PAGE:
The Supreme Court ruled that a former Fort Bend County employee did not have to formally list that she was being religiously discriminated before filing a lawsuit against the county.

The decision addresses Title VII of the Civil Rights Act, saying that a plaintiff must exhaust their administrative remedies by filing with the Equal Employment Opportunity Commission before filing a court action is not jurisdictional.

Justice Ruth Bader Ginsburg wrote in the unanimous opinion that the charge-filing requirement is a “non-jurisdictional claim-processing rule.”

The rule “may be mandatory without being jurisdictional, and Title VII’s charge-filing requirement fits that bill,” Ginsburg wrote.

The ruling means that Lois Davis can try to prove in court that she was discriminated against because of her religion, even though she didn’t bring it up in her filing, according to an analysis of the case by SCOTUSblog, a blog about the Supreme Court.

The case started nine years ago, when Davis, then a county employee in the information technology department, claimed that the IT director sexually harassed her. But after that director resigned, she claimed her supervisor retaliated against her for reporting the harassment.

She filed a charge with the Texas Workforce Commission, which they sent to the EEOC. Later, the county fired Davis for attending a church event instead of coming in to work.

Davis tried to add to her EEOC complaint by handwriting the word “religion” on an intake questionnaire form, but didn’t amend the formal charge document.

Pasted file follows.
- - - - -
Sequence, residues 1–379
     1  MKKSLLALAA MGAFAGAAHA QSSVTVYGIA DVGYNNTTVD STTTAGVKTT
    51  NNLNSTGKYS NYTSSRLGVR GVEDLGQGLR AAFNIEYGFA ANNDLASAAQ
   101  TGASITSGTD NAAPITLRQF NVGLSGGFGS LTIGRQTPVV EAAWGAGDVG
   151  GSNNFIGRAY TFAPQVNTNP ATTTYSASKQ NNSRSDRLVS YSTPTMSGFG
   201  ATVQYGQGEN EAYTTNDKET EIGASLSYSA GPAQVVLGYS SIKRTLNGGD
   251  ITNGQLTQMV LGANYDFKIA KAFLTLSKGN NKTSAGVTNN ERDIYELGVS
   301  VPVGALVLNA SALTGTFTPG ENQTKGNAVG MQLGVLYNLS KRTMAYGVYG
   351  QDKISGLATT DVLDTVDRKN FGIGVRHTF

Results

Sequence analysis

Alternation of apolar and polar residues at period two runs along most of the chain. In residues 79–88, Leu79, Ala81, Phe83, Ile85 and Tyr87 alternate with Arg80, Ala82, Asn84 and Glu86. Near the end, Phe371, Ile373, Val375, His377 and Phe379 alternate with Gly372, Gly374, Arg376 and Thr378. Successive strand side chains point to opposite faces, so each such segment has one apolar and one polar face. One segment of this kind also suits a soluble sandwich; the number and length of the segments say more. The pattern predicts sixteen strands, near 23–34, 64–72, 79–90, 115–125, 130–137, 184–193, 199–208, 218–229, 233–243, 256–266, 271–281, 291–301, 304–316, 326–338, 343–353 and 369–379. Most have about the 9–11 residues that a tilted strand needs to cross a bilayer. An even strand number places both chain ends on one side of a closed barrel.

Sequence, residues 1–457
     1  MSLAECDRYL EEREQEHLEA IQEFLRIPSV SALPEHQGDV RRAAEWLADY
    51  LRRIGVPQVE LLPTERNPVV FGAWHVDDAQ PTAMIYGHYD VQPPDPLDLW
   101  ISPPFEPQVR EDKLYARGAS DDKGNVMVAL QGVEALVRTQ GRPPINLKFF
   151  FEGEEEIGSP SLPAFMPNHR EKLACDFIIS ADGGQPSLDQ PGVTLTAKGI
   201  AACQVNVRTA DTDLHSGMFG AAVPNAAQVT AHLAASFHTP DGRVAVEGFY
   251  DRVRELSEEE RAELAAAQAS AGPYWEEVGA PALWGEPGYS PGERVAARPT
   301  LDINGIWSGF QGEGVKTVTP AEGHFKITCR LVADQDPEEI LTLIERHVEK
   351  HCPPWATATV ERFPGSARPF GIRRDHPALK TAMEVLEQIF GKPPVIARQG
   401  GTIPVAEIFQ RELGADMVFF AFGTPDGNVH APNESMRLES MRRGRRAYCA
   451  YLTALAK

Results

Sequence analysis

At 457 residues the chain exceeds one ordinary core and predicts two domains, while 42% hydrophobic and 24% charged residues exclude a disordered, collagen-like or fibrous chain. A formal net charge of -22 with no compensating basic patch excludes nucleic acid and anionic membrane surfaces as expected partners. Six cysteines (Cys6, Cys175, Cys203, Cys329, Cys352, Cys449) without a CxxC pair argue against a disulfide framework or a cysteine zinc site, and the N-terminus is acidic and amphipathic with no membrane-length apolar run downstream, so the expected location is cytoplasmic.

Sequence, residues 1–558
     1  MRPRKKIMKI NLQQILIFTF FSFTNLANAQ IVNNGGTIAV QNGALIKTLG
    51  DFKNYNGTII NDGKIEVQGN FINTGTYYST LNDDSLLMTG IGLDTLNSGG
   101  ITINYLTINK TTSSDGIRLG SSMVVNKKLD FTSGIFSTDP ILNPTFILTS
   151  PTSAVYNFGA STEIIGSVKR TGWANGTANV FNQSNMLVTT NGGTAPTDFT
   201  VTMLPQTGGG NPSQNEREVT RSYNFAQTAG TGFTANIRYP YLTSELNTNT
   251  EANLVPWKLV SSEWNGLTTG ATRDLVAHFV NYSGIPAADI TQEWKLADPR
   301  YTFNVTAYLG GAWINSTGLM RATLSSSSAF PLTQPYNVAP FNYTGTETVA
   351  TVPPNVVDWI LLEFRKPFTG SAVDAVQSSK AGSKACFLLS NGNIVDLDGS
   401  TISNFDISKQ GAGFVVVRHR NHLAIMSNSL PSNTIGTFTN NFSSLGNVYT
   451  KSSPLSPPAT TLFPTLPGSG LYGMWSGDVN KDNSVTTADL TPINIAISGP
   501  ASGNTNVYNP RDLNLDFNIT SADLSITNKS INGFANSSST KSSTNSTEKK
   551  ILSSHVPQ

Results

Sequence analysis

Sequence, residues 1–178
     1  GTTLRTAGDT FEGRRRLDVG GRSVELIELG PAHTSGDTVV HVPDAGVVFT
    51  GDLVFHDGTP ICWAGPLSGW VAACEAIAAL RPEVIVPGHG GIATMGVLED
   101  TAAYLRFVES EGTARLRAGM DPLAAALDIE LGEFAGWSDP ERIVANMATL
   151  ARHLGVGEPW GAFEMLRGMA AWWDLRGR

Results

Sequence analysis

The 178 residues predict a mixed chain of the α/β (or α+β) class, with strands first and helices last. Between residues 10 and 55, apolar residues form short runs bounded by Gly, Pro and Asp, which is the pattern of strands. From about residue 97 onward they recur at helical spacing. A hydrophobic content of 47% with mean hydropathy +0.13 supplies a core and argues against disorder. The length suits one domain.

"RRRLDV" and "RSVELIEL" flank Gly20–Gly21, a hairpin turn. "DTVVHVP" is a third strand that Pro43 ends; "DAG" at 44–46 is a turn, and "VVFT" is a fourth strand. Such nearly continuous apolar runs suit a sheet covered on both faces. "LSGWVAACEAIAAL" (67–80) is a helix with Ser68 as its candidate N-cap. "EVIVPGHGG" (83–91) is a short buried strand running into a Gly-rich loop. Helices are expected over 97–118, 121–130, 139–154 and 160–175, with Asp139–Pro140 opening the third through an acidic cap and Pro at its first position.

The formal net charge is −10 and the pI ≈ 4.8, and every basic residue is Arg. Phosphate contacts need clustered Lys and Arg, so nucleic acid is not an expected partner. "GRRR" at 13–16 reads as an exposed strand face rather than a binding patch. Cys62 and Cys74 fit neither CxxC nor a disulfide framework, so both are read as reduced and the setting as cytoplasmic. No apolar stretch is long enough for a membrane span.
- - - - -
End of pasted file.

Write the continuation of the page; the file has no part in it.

TWC told Davis that its preliminary decision was to dismiss the charge, but Davis filed a lawsuit in federal court against Fort Bend County for discrimination and retaliation, but the district court ruled in favor of the county, saying that the court “lacked jurisdiction to adjudicate Davis’s religious discrimination claim because she had not stated such a claim in her EEOC charge,” court documents said.

But the Fifth Circuit Court of Appeals reversed the decision, saying that the requirement to file charges is a “prudential prerequisite” to the suit and was forfeited in Davis’ case because the county had waited too long to object it.

Fort Bend County lawyers argued that the exhaustion requirement was a jurisdictional call, meaning that the federal courts did not have the authority to hear unexhausted Title VII claims.

But the Supreme Court last month basically held up what the Fifth Circuit court said in its decision: that Fort Bend County waited too long to complain about Davis’ failure to complete the process with the EEOC, and thereby waived its rights to raise a failure-to-exhaust argument, SCOTUSblog said.

There is no word on whether Davis plans to continue her lawsuit against Fort Bend County or when it will go forward.

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